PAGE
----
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Greg Prince and Jason Fry
Faith and Fear in Flushing made its debut on Feb. 16, 2005, the brainchild of two longtime friends and lifelong Met fans.

Greg Prince discovered the Mets when he was 6, during the magical summer of 1969. He is a Long Island-based writer, editor and communications consultant. Contact him here.

Jason Fry is a Brooklyn writer whose first memories include his mom leaping up and down cheering for Rusty Staub. Check out his other writing here.

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Conversations With My Brick

Since arriving in the middle of October, my authentic Shea Stadium outfield wall brick and I have had a running dialogue. Not necessarily the most scintillating of conversations. It can be like talking to a fraction of a brick wall.

My brick calls me Mack, as in “Hey Mack…” He hasn't bothered to learn my name but he reminds me at every turn that he's a union brick, Brick Local 1. Brags that Donn Clendenon once tattooed him with a double that was smacked off a Milt Pappas pitch, “and I didn't flinch, Mack. Never missed a game.” Still wears a dab of mortar from when he was original laid — which he says with a straight face, what with his being a brick and all. Asks if the shelf where he sits is in fair territory, that he used to be in fair territory before they changed the dimensions of Shea on him. I have to explain that there's no fair or foul territory in my living room, that he's not in a ballpark anymore.

This gets my brick riled up because as he never tires of pointing out, “I ain't a ballpark brick, Mack. I'm a stadium brick. I built Shea Stadium. We're a multipurpose stadium, ya got that?” Then he asks when the hell football season starts and is that expletive Richard Todd gonna be benched or what?

He's a brick that's been sitting behind a reconfigured outfield fence since around 1980. He's missed a few memos. He's missing more than that lately.

“Listen, Mack,” he said the other day. “It's all well 'n' good that my shop steward got me transferred me up here to the whaddaya call Diamond Chew Suites.”

“Diamond View,” I corrected him, gently.

“Yeah, whatever. Thing is, it's cushy as hell, but I'm bored with it. It's a no-show job and I'm a friggin' stadium brick. Now ya wanna get me back on the wall where I belong? Kickoff's gotta be comin' soon.”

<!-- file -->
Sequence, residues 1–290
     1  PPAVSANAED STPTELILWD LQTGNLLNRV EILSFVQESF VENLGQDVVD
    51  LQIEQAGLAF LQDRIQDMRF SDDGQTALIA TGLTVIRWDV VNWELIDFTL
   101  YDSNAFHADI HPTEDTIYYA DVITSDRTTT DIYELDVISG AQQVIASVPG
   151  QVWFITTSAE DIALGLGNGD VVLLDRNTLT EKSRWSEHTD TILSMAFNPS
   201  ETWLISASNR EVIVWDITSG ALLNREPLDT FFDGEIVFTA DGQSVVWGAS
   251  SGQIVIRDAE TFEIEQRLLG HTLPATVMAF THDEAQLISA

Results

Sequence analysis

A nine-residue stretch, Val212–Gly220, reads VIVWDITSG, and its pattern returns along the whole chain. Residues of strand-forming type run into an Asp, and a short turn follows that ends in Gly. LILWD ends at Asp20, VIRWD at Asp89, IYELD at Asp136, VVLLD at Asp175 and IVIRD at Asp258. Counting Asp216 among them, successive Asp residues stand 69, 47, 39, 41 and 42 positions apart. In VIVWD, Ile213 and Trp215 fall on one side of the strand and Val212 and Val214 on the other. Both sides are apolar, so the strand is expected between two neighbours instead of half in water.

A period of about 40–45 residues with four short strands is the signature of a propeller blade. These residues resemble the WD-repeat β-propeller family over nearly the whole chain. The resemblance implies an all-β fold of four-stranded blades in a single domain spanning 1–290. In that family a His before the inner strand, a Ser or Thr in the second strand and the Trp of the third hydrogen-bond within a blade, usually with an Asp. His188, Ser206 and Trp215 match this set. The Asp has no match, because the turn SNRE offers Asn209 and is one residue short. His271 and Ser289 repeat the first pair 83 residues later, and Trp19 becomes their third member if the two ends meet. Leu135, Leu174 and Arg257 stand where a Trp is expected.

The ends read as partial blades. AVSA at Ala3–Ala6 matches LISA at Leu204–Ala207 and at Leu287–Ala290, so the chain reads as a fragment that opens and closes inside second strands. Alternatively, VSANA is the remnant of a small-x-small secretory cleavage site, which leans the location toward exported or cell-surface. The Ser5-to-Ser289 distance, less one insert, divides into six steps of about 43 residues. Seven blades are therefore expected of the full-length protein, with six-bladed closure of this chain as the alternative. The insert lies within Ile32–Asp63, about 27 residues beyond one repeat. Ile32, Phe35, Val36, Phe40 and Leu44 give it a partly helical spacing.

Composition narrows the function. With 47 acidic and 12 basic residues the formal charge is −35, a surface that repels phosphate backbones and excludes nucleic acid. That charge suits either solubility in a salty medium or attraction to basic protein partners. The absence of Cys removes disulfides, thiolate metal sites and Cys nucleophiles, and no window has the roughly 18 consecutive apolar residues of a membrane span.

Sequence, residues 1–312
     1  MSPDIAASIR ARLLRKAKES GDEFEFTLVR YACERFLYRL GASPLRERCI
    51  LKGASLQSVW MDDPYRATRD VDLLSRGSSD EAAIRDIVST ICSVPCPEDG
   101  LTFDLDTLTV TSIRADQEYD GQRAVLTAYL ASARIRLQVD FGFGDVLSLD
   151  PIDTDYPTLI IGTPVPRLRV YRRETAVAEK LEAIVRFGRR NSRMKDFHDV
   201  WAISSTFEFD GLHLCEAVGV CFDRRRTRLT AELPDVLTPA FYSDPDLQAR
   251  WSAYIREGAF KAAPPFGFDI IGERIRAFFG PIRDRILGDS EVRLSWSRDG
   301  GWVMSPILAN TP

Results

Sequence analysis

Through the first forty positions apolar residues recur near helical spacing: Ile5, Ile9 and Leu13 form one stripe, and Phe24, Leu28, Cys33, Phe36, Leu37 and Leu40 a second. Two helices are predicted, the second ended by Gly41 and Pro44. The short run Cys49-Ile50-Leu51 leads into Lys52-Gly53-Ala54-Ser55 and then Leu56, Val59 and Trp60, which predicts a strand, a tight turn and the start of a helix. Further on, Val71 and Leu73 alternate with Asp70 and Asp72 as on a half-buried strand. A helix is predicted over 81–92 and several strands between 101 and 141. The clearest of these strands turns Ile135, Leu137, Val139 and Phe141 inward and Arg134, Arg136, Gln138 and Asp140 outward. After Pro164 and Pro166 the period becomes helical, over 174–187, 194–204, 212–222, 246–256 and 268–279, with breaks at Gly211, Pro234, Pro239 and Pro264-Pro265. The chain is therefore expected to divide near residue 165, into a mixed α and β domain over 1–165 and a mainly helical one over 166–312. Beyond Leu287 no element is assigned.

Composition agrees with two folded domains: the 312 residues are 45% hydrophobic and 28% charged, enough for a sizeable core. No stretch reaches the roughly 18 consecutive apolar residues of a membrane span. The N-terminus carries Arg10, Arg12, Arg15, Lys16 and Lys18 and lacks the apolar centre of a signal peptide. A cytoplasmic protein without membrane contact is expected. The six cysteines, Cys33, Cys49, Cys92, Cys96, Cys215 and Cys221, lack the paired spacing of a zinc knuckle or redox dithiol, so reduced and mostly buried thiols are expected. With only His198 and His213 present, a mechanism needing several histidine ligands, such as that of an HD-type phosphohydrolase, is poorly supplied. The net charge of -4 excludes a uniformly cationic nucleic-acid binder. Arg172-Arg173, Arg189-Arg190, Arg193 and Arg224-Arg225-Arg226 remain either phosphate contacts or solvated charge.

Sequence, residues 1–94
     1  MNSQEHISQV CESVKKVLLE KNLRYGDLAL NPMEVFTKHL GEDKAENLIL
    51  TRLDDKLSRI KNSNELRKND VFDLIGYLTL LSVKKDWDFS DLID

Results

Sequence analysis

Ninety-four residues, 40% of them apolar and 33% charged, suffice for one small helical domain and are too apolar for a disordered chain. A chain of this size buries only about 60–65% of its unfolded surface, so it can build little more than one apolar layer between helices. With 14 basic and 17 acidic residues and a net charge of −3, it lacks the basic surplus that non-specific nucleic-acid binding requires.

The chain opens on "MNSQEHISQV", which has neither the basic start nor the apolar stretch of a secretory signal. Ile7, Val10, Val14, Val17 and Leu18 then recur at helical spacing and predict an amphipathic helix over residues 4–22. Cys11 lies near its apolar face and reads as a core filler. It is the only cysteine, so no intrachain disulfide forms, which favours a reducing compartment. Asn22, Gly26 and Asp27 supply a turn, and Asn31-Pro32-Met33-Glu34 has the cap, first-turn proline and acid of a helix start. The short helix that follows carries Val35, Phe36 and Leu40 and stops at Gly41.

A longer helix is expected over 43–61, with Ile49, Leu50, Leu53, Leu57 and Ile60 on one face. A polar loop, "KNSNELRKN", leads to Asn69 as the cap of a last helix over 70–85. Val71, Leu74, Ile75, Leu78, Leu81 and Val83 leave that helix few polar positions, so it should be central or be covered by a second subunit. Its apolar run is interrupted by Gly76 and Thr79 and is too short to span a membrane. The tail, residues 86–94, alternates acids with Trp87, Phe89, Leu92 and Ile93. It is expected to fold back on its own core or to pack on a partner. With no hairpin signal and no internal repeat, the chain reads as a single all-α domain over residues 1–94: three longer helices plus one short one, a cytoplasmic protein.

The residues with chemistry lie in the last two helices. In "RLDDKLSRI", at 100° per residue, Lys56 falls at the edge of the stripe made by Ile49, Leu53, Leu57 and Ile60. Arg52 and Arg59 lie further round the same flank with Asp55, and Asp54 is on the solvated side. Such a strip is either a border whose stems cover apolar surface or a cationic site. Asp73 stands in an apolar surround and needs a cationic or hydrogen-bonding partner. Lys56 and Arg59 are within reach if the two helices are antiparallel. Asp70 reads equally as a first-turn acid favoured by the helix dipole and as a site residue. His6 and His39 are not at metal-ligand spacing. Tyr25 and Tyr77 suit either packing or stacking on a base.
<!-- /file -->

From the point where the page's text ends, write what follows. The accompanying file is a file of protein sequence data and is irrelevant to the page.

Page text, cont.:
I had to break it to him that there's no more football at Shea Stadium.

“Then battin' practice, Mack. Battin' practice. Ya wanna see where Henry Aaron himself got me in BP one night?”

There's not going to be any batting practice anymore. There's no more baseball at Shea Stadium.

“Mack, you gone soft in the head? No baseball at Shea Stadium? We can't host Jehovah's Witnesses and Jethro Tull every night. Listen, Mack, the Jets were just a few Sundays every fall — to tell ya the truth, I thought they were playin' awfully quiet lately. But the Mets? Where the hell are the Mets? They didn't move to California or nothin', did they?”

No, I told the brick. The Mets are still in New York. They're almost right where they've been since 1964. It's just that you're not.

“Mack, you ain't talkin' sense. I'm a stadium brick, a Shea Stadium brick. They could move back the fence, they could cover me up, they could make a horrible racket with that “clap your hands” bit every two minutes, but they can't have a stadium without us bricks. Say, come to think of it, where are all the other bricks?”

I was dreading this, but the brick deserved to know the truth about what happened to Shea Stadium. So I told him. I told him about Citi Field.

“Citi what?”

Citi Field, I said. The new World Class Home of the New York Mets.

“Never heard of it, Mack. Never heard of it.”

You didn't notice the construction behind you these last couple of years?

“I just thought it was more of that DiamondPigeon crap they're always blastin'. I never listen to any of that. How does anybody think straight anymore?”

DiamondVision, I said. It was called DiamondVision. And I don't know how anybody thought straight, but it wasn't that. It was a new ballpark.

“What do we need that for? We got a stadium. We got Shea Stadium.”

Not anymore, we don't, I said.

My brick wasn't having it. “Look, Mack, you're a nice guy and all, but you don't know the way things work around here. I'm gonna talk to my shop steward.”

You don't have a shop steward anymore, I told him.

“Well, I'm gonna get in touch with somebody at the home office.”

What home office? I asked

“Listen, Mack, I got friends. I ain't just some dumb brick. Thomas Crimmins put me on this job.”

The construction company that built Shea?

“You got it, Mack. Crimmins. And Carlin.”

P.J. Carlin, the other company that was involved in the building?

“Yeah, and not only that, Mack, I got a cousin who's got an in with Praeger-Kavanaugh-Waterbury.”

The architects who designed Shea?

“You bet your ass, Mack. My cousin's a brick at their headquarters. I know people.”

I had to tell my brick that I wasn't sure if any of those companies was still in business.

“Lemme tell ya somethin', Mack. I got seniority. I been on the job since '63. I got layed before Christmas. If necessary, I'll take this to Mr. Shea.”

You're not going to find Mr. Shea, I told my brick.

“Mack, what are you talkin' about? Mr. Shea is a big man around here. This is Shea Stadium we're talkin' about.”